6. Merit. The best criterion on which an imaging professional could base an ethical allocation determination might be merit. Merit is the potential to benefit from the additional investment of limited health care resources. The criterion of merit requires that decisions be based on data or evidence. Do the data support the successful outcome of a vascular imaging procedure? Conflicting data and sources may complicate a merit-based decision.

The preceding criteria are useful in dealing with ethical dilemmas in allocating imaging resources. They raise important questions when choices are necessary, and they provide the imaging professional with an awareness of what imaging administrators face when solving distribution dilemmas (Figure 7-2).


Imaging professionals must understand the health care delivery model of managed care so that they may address the challenges that reforms in health care distribution have presented to imaging services. Managed care is an all-encompassing term that includes any type of system to coordinate the care and treatment of patients. Managed care is designed to provide better access, improved outcomes, more efficient use of resources, and controlled costs for the patient.5 More simply, managed care is any type of delivery and reimbursement system that monitors or controls the type, quality, use, and costs of health care.6 The aim of managed care is to reduce unnecessary or inappropriate care and reduce costs (Box 7-1).7

BOX 7-1


Managed care is a fusion of the two functions that historically were regarded as separate, the financing of medical care and the delivery of medical services.

1970 to 1990

The HMO Act of 1973 provided federal money to spur the growth of HMOs. However, America was not ready for managed care at that time and few employees signed up for this option. As the cost of health care continued to grow, in the mid to late 1980s, employers expressed concerns that their health care costs were preventing them from being competitive in the international market. Big business started listening when managed care offered some solutions in the form of new types of HMOs that gave employers more choices and physicians a larger measure of autonomy, while still achieving the goals of lower costs, use of practice guidelines, and coordination of care among providers.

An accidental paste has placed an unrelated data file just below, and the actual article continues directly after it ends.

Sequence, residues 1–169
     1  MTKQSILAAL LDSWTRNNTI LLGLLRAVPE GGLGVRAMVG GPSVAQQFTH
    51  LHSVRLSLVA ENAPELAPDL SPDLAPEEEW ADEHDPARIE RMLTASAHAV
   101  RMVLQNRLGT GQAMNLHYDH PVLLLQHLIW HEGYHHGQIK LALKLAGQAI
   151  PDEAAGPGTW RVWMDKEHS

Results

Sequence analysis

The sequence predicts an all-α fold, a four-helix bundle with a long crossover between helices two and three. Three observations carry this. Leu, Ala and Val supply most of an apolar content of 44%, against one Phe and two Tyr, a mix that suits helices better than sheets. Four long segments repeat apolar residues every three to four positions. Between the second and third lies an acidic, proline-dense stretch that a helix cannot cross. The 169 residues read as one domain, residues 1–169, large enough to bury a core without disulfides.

Several different HMO versions emerged, and they began to be recognized under the umbrella of managed care organizations. As managed care became more common, the cycle of trying to appease consumers and providers and being unable to control costs accelerated.

State legislation attempted to rein in the managed care organizations. However, the Employee Retirement and Security Act (ERISA), although intended to protect employee pension plans, also affected health care and prohibited states from regulating managed care organizations. Managed care organizations had virtually no or very limited liability when they made medical decisions to deny care.

Feb 27, 2016 | Posted by in GENERAL RADIOLOGY | Comments Off on Health Care Distribution